If you’re trying to write a patent application on your own,please take caution – it has been my experience that almost all of the inventors who attempt to prepare and file their own application end up never obtaining any patent rights and inadvertently forfeiting their invention to the public domain. Use this guide as an outline of what you’ll need to know in order to have a licensed professional prepare and file your patent application.
A utility patent application is comprised of three primary portions (excluding all of the paperwork involved):
- A Specification
This article discusses the requirements of the 2nd element – the Specification. In the US, a specification must consists of at least the following parts:
- Brief Description of the Drawings;
- Detailed Description of the Invention; and
- An Abstract.
International patent applications require two additional parts:
- A Statement of the Technical Filed of the Invention; and
- A Brief Overview of the Invention.
1. The Background
The Background portion of your application should, generally, describe the state of the art at the time of the inventions conception. It should present the problem that being solved by the invention. The drafter should be careful never to disclose the actual invention in the background section, as anything disclosed in this will be considered by the patent examiner as “Prior Art.” Prior Art, in turn, is what the examiner will use to reject your application for ‘lack of novelty’ or ‘obviousness’.
2. Brief Description of the Drawings
This section should provide a brief, one sentence description for each Figure (referred to as a “Figure” or “FIG.” within the specification) that is submitted with the patent application. This section should not discuss the labels or elements of the figures. The drawings are required to show all elements that the patent application claims as the invention. Even in the case of software patent applications, the drawings should present Block Diagrams of the system architectures or wire-frames of the user interface.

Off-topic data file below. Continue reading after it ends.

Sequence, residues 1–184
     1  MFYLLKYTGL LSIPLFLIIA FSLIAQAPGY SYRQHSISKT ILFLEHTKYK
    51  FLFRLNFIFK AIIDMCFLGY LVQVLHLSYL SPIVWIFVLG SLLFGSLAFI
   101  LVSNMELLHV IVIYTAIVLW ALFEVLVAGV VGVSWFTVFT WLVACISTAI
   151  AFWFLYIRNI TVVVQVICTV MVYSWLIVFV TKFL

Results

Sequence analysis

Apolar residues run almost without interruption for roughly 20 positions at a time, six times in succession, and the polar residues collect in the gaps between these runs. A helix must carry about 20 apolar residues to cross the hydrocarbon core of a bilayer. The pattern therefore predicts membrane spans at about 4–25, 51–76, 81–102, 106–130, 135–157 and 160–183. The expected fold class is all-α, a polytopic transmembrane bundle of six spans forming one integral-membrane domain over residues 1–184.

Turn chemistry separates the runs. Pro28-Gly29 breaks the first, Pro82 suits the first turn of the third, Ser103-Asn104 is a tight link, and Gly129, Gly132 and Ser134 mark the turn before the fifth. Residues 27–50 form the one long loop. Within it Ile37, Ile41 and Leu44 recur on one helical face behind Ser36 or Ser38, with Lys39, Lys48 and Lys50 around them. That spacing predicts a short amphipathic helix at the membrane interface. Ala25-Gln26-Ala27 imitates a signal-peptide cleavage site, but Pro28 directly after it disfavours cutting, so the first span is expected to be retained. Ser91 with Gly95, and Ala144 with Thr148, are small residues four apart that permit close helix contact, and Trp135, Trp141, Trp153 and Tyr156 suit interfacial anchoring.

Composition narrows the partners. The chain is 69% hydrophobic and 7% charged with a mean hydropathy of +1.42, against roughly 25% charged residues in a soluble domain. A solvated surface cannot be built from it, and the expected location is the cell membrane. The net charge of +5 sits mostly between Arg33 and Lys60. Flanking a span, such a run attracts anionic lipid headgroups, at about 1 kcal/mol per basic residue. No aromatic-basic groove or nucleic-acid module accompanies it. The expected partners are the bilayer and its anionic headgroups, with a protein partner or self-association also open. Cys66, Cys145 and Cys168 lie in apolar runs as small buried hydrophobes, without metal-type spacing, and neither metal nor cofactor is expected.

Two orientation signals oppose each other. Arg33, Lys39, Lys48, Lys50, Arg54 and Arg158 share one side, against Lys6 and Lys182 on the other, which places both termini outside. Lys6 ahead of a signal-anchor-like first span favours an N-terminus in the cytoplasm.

3. Detailed Description of the Invention
The Detailed Description should answer two very basic questions: 1. How does a “person having ordinary skill in the art of the invention” (PHOSITA) make the invention, and 2. How does a PHOSITA use your invention.
Though you never need to have made or implemented your idea or invention to obtain a Patent, you still need to have a concept of how your idea or invention is made. You are required to disclose the best way you envision making it.
The portions of the invention that may be easily derived by the PHOSITA need not be disclosed in detail in your application. In other words, if you invented a solar powered car, you wouldn’t need to disclose how to put together the automatic windows – since that portion is already well-known in the field of your invention. Here are some questions that your specification should answer:
- What problem does your invention solve?
- How does your invention solve the problem?
- What’s new about this solution?
- Does your invention perform a method or process? If so, describe the method step by step.
- If your invention does something that’s been done before, but in a different way – what’s the difference?
- Does your invention yield unexpected results?
- What is the best way you would make your invention? (You never actually had to have made your invention, just tell us how you envision your invention being made.)
- What components make up your invention?
- How do you put the components together?
- Is there a method of putting the components together? If so, describe the method, step by step.
- Is there a special reason why are they put together that way?
- What are the components made of?
For more information on the drawings check out our Drawings Article.
If you are interested in more detail related to your situation it is best to speak with an attorney.
Yuri Eliezer heads the intellectual property practice group at Founders Legal. As an entrepreneur who saw the importance of early-stage patent protection, Yuri founded SmartUp®. Clients he has served include Microsoft, Cisco, Cox, AT&T, General Electric, the Georgia Institute of Technology, and Coca-Cola.
Source: Smartup Legal